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The Kushan Empire (Bactrie: Κυϸανο, Kushano; Sanskrit: कुषाण राजवंश Kuṣāṇ Rājavaṃśa; BHS: Guṣāṇa-vaṃśa; Parthian: 𐭊𐭅𐭔𐭍 𐭇𐭔𐭕𐭓 Kušan-xšaθr[6]) wis a syncretic empire, formed bi Yuezhi, in the Bactrie territories in the early 1st century. It spread tae encompass much o Afghanistan,[7] an then the northren pairts o the Indian subcontinent at least as far as Saketa an Sarnath near Varanasi (Benares), whaur inscriptions hae been foond datin tae the era o the Kushan emperor Kanishka the Great.[8]

Kushan Empire
Κυϸανο (Bactrie)
कुषाण राजवंश (Sanskrit)
Βασιλεία Κοσσανῶν (Greek)
30–375
Kushan territories (full line) an maximum extent o Kushan dominions unner Kanishka the Great (dottit line), accordin tae the Rabatak inscription.[1]
Kushan territories (full line) an maximum extent o Kushan dominions unner Kanishka the Great (dottit line), accordin tae the Rabatak inscription.[1]
Status Nomadic empire
Caipital Bamiyan (Bamigián) Bagram (Kapiśi)
Peshawar (Puruṣapura)
Taxila (Takṣaśilā)
Mathura (Mathurā)
Common leids Greek (offeecial till ca. 127)[2]
Bactrie[3] (offeecial frae ca. 127)
Unoffeecial regional leids:
Gandhari, Sogdian, Chorasmian, Tocharian, Saka dialects, Prakrit
Leeturgical leid:
Sanskrit
Releegion Buddhism
Hinduism[4]
Shamanism
Zoroastrianism
Manichaeism
various Bactrie-Indie releegions
Govrenment Monarchy
Emperor  
• 30–80
Kujula Kadphises
• 350–375
Kipunada
Historical era Clessical Antiquity
• Kujula Kadphises unites Yuezhi tribes intae a confederation
30
• Subjugatit bi the Sasanians, Guptas an Hepthalites[5]
375
Aurie
3,800,000 km2 (1,500,000 sq mi)
Currency Kushan drachma
Precedit bi
Succeedit bi
Indo-Parthian Kinrick
Indo-Scythians
Sasanian Empire
Gupta Empire
Hephthalite Empire
The day pairt o  Afghanistan
 Cheenae
 Kyrgyzstan
 Indie
   Nepal
 Pakistan
 Tajikistan
 Uzbekistan
 Turkmenistan

ReferencesEedit

  1. "The Rabatak inscription claims that in the year 1 Kanishka I's authority was proclaimed in India, in all the satrapies and in different cities like Koonadeano (Kundina), Ozeno (Ujjain), Kozambo (Kausambi), Zagedo (Saketa), Palabotro (Pataliputra) and Ziri-Tambo (Janjgir-Champa). These cities lay to the east and south of Mathura, up to which locality Wima had already carried his victorious arm. Therefore they must have been captured or subdued by Kanishka I himself." "Ancient Indian Inscriptions", S. R. Goyal, p. 93. See also the analysis of Sims-Williams and J.Cribb, who had a central role in the decipherment: "A new Bactrian inscription of Kanishka the Great", in "Silk Road Art and Archaeology" No4, 1995–1996. Also Mukherjee B.N. "The Great Kushanan Testament", Indian Museum Bulletin.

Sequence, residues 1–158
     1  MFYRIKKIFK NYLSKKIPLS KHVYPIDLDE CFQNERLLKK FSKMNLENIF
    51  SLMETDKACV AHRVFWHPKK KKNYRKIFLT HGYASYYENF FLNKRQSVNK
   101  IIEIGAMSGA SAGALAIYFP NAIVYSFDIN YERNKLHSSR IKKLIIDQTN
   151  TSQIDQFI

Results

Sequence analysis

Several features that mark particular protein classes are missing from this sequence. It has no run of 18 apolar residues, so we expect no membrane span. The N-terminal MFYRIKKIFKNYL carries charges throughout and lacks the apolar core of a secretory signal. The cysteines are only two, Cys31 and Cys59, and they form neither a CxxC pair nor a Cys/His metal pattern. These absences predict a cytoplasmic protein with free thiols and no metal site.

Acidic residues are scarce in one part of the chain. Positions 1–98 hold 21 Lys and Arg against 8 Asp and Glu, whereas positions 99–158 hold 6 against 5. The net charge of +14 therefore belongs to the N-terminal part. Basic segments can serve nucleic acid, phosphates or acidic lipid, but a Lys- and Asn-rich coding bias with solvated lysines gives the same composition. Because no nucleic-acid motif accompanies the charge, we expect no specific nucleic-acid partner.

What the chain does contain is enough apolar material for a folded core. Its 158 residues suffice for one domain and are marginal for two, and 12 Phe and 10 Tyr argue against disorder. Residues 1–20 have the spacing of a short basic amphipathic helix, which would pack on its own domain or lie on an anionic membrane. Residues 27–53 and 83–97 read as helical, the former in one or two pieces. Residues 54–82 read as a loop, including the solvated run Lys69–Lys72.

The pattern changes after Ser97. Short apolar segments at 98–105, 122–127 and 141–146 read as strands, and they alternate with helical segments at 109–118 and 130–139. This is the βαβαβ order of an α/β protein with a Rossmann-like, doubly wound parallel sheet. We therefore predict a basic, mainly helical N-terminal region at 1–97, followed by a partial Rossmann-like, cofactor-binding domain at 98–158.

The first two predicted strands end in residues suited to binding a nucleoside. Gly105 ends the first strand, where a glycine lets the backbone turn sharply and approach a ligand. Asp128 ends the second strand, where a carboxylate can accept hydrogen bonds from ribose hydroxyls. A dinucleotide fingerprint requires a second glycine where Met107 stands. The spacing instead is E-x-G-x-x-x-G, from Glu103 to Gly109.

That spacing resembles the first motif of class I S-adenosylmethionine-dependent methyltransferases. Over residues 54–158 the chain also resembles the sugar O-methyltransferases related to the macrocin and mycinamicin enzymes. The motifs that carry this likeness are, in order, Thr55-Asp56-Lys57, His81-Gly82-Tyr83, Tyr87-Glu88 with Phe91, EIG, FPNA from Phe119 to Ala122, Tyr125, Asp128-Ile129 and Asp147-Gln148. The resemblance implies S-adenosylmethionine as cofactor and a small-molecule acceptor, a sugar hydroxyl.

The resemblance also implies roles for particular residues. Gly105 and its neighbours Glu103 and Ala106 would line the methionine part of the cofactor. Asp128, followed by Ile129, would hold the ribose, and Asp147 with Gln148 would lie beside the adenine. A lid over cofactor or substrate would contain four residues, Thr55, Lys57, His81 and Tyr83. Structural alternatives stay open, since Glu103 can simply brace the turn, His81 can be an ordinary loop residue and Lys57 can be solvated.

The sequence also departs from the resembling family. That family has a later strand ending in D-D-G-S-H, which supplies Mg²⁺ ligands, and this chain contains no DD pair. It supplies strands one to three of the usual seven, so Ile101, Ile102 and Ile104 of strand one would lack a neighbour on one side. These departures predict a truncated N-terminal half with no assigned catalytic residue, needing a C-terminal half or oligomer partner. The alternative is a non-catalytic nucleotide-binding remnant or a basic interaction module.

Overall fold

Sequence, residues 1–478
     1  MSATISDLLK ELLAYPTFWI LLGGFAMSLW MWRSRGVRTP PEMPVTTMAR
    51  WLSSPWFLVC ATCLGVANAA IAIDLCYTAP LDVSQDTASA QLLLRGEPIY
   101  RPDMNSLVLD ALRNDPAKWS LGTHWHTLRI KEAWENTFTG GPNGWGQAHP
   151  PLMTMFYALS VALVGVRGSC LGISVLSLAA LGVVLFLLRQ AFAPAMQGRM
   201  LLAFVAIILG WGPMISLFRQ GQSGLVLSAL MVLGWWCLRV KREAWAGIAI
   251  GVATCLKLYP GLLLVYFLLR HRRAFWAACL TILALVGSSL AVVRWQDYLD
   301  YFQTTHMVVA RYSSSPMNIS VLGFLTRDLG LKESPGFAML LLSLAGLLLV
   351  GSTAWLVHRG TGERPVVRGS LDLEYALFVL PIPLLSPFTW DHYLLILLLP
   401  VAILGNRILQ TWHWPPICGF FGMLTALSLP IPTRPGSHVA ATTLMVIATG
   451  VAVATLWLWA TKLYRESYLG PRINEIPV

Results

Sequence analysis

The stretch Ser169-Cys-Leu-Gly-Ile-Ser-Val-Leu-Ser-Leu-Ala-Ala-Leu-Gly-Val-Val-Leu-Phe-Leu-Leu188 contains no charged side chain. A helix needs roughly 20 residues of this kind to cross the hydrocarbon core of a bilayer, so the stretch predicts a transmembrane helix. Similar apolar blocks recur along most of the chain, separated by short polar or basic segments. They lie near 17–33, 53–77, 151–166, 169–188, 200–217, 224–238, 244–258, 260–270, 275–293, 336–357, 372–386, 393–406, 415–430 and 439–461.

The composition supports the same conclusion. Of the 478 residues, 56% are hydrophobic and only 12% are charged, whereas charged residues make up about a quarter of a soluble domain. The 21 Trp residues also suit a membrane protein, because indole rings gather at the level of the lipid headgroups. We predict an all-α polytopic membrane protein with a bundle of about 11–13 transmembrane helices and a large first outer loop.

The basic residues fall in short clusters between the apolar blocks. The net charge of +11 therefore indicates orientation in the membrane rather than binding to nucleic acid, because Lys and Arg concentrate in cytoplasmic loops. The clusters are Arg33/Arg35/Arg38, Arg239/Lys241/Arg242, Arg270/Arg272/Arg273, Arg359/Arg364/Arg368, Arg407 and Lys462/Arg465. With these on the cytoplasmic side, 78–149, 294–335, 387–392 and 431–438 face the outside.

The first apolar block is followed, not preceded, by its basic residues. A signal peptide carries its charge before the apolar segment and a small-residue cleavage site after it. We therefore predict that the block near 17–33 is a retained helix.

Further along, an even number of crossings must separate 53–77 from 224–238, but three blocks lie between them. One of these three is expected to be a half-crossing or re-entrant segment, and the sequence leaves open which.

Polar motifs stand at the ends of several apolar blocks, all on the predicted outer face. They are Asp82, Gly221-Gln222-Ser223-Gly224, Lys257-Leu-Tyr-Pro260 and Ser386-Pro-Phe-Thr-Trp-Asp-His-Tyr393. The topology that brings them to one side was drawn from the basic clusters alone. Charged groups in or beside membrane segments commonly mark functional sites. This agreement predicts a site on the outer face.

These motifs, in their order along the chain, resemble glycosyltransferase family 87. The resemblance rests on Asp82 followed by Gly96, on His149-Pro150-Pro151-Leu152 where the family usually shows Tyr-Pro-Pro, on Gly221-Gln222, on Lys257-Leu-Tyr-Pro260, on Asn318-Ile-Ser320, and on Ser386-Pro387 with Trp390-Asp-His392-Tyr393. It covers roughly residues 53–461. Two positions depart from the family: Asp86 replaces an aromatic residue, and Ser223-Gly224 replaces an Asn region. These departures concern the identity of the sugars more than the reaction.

2. The Kushans at first retained the Greek leid for admeenistrative purposes, but suin began tae uise Bactrie. The Bactrie Rabatak inscription (discovered in 1993 an deciphered in 2000) records that the Kushan keeng Kanishka the Great (c. 127 AD), discairdit Greek (Ionian) as the leid o admeenistration an adoptit Bactrie ("Arya leid"), frae Falk (2001): "The yuga of Sphujiddhvaja and the era of the Kuṣâṇas." Harry Falk. Silk Road Art and Archaeology VII, p. 133.
  3. The Bactrie Rabatak inscription (discovered in 1993 an deciphered in 2000) records that the Kushan keeng Kanishka the Great (c. 127 AD), discairdit Greek (Ionian) as the leid o admeenistration an adoptit Bactrie ("Arya leid"), frae Falk (2001): "The yuga of Sphujiddhvaja and the era of the Kuṣâṇas." Harry Falk. Silk Road Art and Archaeology VII, p. 133.
  4. André Wink, Al-Hind, the Making of the Indo-Islamic World: The Slavic Kings and the Islamic conquest, 11th-13th centuries, (Oxford University Press, 1997), 57.
  5. "Afghanistan: Central Asian and Sassanian Rule, ca. 150 B.C.-700 A.D." United States: Library of Congress Country Studies. 1997. Retrieved 2012-08-16. 
  6. The Dynasty Arts of the Kushans, University of California Press, 1967, p. 5
  7. http://www.kushan.org/general/other/part1.htm and Si-Yu-Ki, Buddhist Records of the Western World, (Tr. Samuel Beal: Travels of Fa-Hian, The Mission of Sung-Yun and Hwei-S?ng, Books 1–5), Kegan Paul, Trench, Trubner & Co. Ltd. London. 1906 and Hill (2009), pp. 29, 318–350
  8. which began about 127 CE. "Falk 2001, pp. 121–136", Falk (2001), pp. 121–136, Falk, Harry (2004), pp. 167–176 and Hill (2009), pp. 29, 33, 368–371.